Looking at the details of various education-related issues can be daunting. Rarely does legislation simply address a single issue, such as class-size limits or compensation. Instead, we get 391 pages of the NCLB reform bill (Every Student Succeeds Act), or mind-numbing details of school finance proposals. At the end of the day, whether it is the Texas legislature, Congress, or school boards, these policy changes have real consequences for both your professional and personal life. Major education reforms are taking place, and parents, taxpayers, and educators must ask thoughtful questions about what is happening to Texas’s public education system.
Is It ok for Someone Without a Teaching Certificate to Teach Our Children?
This is the reality now in Texas. In 2015, the legislature passed a law that allows a school district to designate itself as a District of Innovation (DOI). This label allows the district to circumvent certain laws such as those that require educators to be certified. Charter schools have long been able to hire non-certified classroom teachers; however, traditional public schools are still required to hire certified educators unless the district is a DOI. We know that having access to an effective educator is one of the most important aspects of a child’s academic success, and Texas is now making it easier for untrained individuals to teach in the classroom.
Are Small Class Sizes Beneficial to Student Learning?
If So, Why Is the State Pushing Schools toward Larger Classes? Even though repeated studies and numerous data prove that smaller student-to-teacher class-size ratios are beneficial to student academic growth, Texas lawmakers have not seriously pursued reducing class sizes or expanding the grades to which those limits apply since class-size limits were initially instituted. Instead, in 2011, the legislature made it easier for school districts to get waivers to circumvent class-size limits. Further, in 2015, the DOI law was created, allowing districts to wholly exempt themselves from class-size limits.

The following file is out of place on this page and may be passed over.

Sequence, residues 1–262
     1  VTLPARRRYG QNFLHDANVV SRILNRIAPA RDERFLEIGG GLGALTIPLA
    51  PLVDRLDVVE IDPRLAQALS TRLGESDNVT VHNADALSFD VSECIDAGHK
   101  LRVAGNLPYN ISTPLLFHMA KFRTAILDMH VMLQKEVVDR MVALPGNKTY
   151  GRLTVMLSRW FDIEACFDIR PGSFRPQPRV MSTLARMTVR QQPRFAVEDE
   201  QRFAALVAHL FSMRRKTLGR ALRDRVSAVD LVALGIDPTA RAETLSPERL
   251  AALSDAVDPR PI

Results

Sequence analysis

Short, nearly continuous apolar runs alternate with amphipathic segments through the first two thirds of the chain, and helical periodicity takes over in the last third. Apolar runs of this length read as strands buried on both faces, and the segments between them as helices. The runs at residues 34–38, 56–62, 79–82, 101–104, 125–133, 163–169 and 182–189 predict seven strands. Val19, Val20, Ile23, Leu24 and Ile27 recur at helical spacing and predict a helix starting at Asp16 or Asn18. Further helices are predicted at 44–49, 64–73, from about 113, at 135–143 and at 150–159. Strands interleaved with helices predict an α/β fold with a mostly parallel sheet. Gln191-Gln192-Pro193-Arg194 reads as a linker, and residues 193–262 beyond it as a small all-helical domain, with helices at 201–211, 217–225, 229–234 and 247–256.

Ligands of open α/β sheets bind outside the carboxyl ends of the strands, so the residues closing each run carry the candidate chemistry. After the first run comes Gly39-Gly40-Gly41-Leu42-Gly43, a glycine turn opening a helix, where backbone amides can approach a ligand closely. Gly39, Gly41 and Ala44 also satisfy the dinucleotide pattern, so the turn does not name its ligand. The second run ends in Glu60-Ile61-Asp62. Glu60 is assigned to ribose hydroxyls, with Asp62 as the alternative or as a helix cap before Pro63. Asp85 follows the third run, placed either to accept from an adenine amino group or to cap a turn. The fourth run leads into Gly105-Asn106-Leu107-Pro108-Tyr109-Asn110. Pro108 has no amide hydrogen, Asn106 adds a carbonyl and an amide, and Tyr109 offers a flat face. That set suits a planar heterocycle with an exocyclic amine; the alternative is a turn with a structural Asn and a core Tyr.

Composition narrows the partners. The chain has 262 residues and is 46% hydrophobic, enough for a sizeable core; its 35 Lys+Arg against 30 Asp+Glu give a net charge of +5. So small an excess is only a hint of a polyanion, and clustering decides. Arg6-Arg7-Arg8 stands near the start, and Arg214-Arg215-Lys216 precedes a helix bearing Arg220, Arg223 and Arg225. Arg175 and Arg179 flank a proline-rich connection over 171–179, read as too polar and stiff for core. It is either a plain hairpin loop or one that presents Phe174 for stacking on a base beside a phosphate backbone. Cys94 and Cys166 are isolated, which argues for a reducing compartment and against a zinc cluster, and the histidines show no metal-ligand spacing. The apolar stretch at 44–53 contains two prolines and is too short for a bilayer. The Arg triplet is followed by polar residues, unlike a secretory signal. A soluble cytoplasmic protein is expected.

Should Schools Be Run by Private Corporations?
The lieutenant governor says that one of his highest priorities for the 2017 legislative session is to pass a school voucher bill. Aside from taking public tax dollars away from public schools and diverting them to private schools with no accountability, legislators have proposed allowing private management of certain existing public schools, taking their control away from locally elected school boards.
Many more questions should be asked and addressed, such as: Should you be evaluated based on how your students perform on standardized tests? Should educators have contracts? Should you have access to affordable healthcare benefits and a pension? Should state leaders make it more difficult for educators to join professional associations by trying to take away your right to payroll deduction?
The people we elect get to make choices that affect our children and our daily lives. We should be asking ourselves if the choices being made regarding public education in Texas are acceptable. If the answer is “no,” then we must demand better.
MAJOR EDUCATION REFORMS ARE TAKING PLACE, AND PARENTS, TAXPAYERS, AND EDUCATORS MUST ASK THOUGHTFUL QUESTIONS ABOUT WHAT IS HAPPENING TO TEXAS’S PUBLIC EDUCATION SYSTEM.